The true turbanator: Diljit Dosanjh, ‘the

TILL Diljit Dosanjh, in his black and white kurta and chadra, turle wali pagg and chic yellow gloves got on stage and gave a shout out to the insanely massive crowd – ‘Punjabi aa gaye Coachella oye’, we had no clue what or where Coachella was. Not only did this terrific turbanator make history by performing at the world’s most sought- after music and arts festival, he catapulted a completely phoren place on our (mind) map for eternity.

The first Sikh artiste to perform at the Coachella Valley Music and Arts Festival in California in April this year, the first to break the barriers of language, culture and geography and open doors for Asian talent, the first Indian from Punjab to perform in Punjabi at one of the grandest festivals in the world, Diljit rocked, and boy did he turn up the heat with his infectious vibe, energy and frequency beat by beat.

“I have performed on all platforms where people knew me. I wanted to experiment with a new place, a new experience, where no Punjabi had performed, where no one knew Diljit Dosanjh. Coachella was it. No artist from India has ever performed there, that too regional! I felt like a student once again, presenting my music in my language…it was exhilarating. It has opened doors for all of us,” says Diljit.

With Coachella, the ‘Dosanjhawala’ delivered Punjabi music to the world. Barely seven when he started performing in his village, Diljit gets candid about the time, when he would accompany his sister to tuition, and just to avoid it, would recite the teacher’s poems. “I started singing them, and a teacher at school would address me as kalakaar. And I am one today.”

Personally, he says, he hardly gives interviews. “But a lot of people and money is attached to a film, and I am here for them,” he says, here along with his leading lady, Nimrat Khaira for his upcoming film Jodi that releases this May 5. Easy going, honest to a fault, Diljit, who “is his own stylist” carries with him an enviable streak of simplicity. Maybe that’s why trolls, especially post-Coachella and its ‘he disrespected the Indian flag’ controversy didn’t frazzle him. “I’ve been in this industry for 20-plus years. These things would disturb me in initial years but I’ve grown past them. I believe in the truth, and that makes me fearless,” says Diljit, whose comment in Punjabi was misinterpreted. “I spoke of music, how it connects and belongs to all of us, and we should stay away from negativity.” He also pointed out the ‘singling out’ of Punjabi music, and its lyrics. “Guns, violence, casteism…it’s there in films too, Hindi included, why don’t we talk about that. Criticism has to be in balance.”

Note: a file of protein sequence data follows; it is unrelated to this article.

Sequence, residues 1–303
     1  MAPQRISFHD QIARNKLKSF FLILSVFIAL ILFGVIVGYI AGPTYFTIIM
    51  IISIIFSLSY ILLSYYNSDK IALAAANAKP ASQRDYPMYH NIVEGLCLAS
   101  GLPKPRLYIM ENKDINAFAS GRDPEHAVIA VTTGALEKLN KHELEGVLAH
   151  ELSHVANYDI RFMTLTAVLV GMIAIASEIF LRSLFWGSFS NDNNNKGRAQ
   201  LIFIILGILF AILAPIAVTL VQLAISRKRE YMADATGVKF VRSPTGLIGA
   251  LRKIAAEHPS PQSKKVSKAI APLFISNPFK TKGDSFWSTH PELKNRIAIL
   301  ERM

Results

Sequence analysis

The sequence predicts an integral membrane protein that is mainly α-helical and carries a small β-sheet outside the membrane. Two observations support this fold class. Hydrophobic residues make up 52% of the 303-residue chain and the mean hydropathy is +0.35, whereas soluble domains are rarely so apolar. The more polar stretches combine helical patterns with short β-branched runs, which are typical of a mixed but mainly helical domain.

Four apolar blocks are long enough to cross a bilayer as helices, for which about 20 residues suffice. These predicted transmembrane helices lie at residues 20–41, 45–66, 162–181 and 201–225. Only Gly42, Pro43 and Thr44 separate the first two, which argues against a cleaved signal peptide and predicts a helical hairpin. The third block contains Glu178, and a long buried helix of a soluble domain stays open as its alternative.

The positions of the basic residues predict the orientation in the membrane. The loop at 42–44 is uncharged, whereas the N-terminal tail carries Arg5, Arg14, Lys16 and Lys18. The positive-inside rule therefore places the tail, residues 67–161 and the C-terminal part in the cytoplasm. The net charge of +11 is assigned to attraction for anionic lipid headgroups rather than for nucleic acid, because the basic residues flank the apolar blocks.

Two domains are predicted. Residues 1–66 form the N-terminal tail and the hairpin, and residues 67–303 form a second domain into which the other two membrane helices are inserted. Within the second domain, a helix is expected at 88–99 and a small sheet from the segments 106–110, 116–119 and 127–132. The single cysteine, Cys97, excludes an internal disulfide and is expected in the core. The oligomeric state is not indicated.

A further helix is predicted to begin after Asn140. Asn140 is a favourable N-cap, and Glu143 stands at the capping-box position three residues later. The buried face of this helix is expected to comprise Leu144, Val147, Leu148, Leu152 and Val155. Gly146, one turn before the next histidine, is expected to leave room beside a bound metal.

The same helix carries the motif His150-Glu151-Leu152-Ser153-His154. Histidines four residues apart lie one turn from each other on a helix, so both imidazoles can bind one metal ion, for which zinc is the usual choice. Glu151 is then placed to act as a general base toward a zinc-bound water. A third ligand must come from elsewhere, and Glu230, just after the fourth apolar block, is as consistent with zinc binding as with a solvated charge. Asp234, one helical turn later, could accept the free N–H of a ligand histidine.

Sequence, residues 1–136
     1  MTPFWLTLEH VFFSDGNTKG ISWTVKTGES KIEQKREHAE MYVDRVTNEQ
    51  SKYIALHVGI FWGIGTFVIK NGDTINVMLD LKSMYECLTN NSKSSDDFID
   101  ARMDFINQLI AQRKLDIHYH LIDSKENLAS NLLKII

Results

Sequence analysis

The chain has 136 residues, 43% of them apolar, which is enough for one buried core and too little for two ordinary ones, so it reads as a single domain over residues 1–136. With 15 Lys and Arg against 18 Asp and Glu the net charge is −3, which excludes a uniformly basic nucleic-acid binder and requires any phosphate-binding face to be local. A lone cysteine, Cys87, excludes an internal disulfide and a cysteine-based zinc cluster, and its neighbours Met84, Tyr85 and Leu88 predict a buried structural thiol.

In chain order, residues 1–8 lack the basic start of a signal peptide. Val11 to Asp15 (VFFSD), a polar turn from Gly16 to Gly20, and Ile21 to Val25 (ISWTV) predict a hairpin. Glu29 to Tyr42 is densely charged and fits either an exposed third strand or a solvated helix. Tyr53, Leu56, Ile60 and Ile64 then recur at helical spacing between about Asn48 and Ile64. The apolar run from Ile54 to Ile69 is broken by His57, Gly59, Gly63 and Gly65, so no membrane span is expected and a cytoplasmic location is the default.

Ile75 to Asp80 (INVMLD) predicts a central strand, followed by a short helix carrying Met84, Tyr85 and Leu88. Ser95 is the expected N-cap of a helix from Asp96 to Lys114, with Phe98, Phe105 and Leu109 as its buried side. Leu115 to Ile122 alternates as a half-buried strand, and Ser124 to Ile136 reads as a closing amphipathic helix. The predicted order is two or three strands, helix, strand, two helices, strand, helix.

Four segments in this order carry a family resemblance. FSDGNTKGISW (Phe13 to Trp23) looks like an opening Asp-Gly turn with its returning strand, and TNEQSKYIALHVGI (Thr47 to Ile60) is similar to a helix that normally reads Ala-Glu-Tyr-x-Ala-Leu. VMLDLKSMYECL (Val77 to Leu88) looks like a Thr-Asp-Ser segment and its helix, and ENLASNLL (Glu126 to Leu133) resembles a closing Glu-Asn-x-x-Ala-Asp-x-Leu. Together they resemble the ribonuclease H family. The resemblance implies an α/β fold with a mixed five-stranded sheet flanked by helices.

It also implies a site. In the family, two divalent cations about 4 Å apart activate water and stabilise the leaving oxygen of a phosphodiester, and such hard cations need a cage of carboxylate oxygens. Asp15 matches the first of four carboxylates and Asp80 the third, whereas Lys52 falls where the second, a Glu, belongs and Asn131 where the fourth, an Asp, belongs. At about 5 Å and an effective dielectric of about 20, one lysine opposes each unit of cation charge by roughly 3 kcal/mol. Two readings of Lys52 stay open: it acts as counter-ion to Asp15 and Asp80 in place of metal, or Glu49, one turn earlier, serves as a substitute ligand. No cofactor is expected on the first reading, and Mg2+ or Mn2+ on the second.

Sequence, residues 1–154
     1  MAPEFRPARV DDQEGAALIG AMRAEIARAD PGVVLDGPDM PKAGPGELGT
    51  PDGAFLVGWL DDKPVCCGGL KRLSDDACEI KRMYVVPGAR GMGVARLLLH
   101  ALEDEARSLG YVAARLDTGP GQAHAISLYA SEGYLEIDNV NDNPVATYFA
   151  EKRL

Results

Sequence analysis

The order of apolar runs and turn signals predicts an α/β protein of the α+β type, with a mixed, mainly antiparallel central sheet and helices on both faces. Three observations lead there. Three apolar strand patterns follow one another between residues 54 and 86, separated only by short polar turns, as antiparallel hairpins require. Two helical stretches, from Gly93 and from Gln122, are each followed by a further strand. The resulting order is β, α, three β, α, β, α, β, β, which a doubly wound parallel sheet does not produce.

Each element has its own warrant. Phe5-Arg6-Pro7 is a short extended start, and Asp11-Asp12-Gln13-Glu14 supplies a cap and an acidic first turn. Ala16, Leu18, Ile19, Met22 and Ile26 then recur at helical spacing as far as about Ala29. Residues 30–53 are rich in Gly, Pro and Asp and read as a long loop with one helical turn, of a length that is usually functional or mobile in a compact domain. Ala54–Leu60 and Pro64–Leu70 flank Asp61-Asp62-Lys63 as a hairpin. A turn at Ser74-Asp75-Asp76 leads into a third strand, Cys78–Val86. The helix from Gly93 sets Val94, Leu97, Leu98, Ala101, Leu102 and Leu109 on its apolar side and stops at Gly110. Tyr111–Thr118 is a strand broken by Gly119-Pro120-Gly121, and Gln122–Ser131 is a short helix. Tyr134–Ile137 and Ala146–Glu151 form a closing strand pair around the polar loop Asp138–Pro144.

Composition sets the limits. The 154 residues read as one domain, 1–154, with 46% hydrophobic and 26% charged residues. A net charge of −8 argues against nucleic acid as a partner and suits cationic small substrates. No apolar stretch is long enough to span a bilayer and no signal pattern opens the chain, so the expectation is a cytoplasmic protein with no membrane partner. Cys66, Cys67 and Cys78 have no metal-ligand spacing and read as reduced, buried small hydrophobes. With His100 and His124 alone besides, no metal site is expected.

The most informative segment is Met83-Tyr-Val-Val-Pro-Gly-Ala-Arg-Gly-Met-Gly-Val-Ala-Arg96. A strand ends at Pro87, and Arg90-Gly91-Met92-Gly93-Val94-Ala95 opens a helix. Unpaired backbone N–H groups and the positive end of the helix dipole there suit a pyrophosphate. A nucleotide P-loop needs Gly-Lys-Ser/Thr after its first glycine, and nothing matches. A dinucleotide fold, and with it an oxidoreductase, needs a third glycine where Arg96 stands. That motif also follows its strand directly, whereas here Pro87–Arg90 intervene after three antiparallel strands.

The years have induced a maturity that’s meditative and calming in Diljit who never lets the success to go to his head. “I never get offended, my team gets a little cautious, but I am in a space where I have decided to do one Punjabi film in a year. I cannot go to the set every day!” Which brings us to Jodi, directed by Amberdeep Singh, a tale of love, romance, music and humour, and “a story nowhere close to Chamkila. It’s not Chamkila’s biopic, I’ve done the proper biopic with Imtiaz Ali.”

Interestingly, the singer-actor had decided not to take up films after his first Punjabi film flopped.

“I believed the producer when he told me that the reason for the failure was that the youth don’t want to see a turbaned hero. I had no clue about films or film business, and had my second film, Jihne Mera Dil Luteya, not been a superhit, I would’ve stopped acting.”

The only turbaned actor, after the late Jaspal Bhatti, to make an impact in Hindi film industry, Diljit consciously chose roles that did not reduce Sardars to a joke. He bagged Udta Punjab after the makers saw him in Punjab 1984. “The only difference I feel between Punjabi and Hindi films is the language, rest hardwork is the same.” He is optimistic about Punjabi cinema, that it will grow phenomenally, and adds how the music industry too is getting better.

“For the first five years, I hardly made any money in music. I remember Charanjit Ahuja telling me how HMV was perhaps the only label that earned the maximum royalty from Chamkila’s music. Today, times have changed. Artists know about contracts, royalties, and their rights.” That technology-like artificial intelligence will overtake musicians is something he replies lightheartedly — “AI is not a threat, because live music will always be there — AI can’t come on stage!”

He carries Punjab in his heart, but strangely doesn’t feel a sense of belonging to any place, nor does he strike a relationship with any person or place. “It’s just who I am,” smiles the ‘kalakaar’ to whom the entire world is attached.

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